Like the huge socio-economic challenges inherited by President Sirleaf in 2005, President Buhari faced tremendous odds when he took over Africa’s biggest economy on May 29, 2015. Nonetheless, his first hundred days have fared well so far, judging from the restoration of basic utility services, especially increased power generation and distribution. There are concerns in some quarters about his slowness in appointing his cabinet ministers, but his government has been running smoothly since he took over without ministers. One of the reasons for this feat is the continuity in Nigeria’s public administration system were Permanent Secretaries from the civil service run the day to day affairs of the various Ministries, Departments and Agencies (MDAs). The new President has used his time so far getting detailed briefings from the Permanent Secretaries of the MDAs. And he seems content with their performance because of his belief that they work harder than ministers, who are political appointees. The President has however promised to appoint his ministers before September ending in keeping with Nigeria’s Constitution.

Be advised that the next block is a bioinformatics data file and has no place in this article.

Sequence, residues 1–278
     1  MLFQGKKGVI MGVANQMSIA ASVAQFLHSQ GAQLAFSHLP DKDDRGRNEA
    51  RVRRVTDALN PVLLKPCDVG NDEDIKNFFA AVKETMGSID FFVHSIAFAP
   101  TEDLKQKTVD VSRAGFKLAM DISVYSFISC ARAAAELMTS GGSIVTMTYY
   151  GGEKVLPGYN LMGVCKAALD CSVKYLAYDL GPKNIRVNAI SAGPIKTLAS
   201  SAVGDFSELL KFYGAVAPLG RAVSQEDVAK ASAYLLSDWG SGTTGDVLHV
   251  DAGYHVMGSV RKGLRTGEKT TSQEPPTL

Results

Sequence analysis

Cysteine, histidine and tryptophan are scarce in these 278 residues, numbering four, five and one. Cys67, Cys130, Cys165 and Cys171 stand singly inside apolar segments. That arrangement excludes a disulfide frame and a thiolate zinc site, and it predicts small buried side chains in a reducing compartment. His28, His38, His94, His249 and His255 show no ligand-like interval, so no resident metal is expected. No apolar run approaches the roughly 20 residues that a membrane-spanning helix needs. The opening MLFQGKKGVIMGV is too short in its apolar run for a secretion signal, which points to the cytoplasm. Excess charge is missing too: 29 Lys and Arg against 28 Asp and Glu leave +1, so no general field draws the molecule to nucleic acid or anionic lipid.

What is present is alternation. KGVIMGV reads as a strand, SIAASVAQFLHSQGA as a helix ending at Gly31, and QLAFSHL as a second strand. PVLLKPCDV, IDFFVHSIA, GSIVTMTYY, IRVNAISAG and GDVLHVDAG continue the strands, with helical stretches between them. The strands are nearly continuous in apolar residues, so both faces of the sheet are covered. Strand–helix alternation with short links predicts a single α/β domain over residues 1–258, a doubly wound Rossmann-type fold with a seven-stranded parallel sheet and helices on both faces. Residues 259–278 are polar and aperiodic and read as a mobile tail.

Meanwhile, his administration has scored some successes. There is nearly 10 percent increase in the economy of the country said to be the continent’s largest, which the Central Bank of Nigeria (CBN) credited to the President’s efforts of blocking economic leakages. In early July, the country’s foreign reserve surged from US$29 billion to US$31. He approved 700 billion Naira (US$3.5 million) in July to settle unpaid salaries of federal and state civil servants. At the beginning of August, he directed the CBN to set up of a Treasury Single Account (TSA). This would recover almost Naira 1.3 trillion (US6.5billion) from disparate accounts held by the MDAs in various commercial banks across the country. Citizens and international partners have hailed the measure for ensuring transparency in with the provisions in the nation’s 1999 Constitution. The CBN also directed commercial banks to avoid accepting deposits of foreign currency in domiciliary accounts in an apparent move to curb money laundering and illicit financial flows.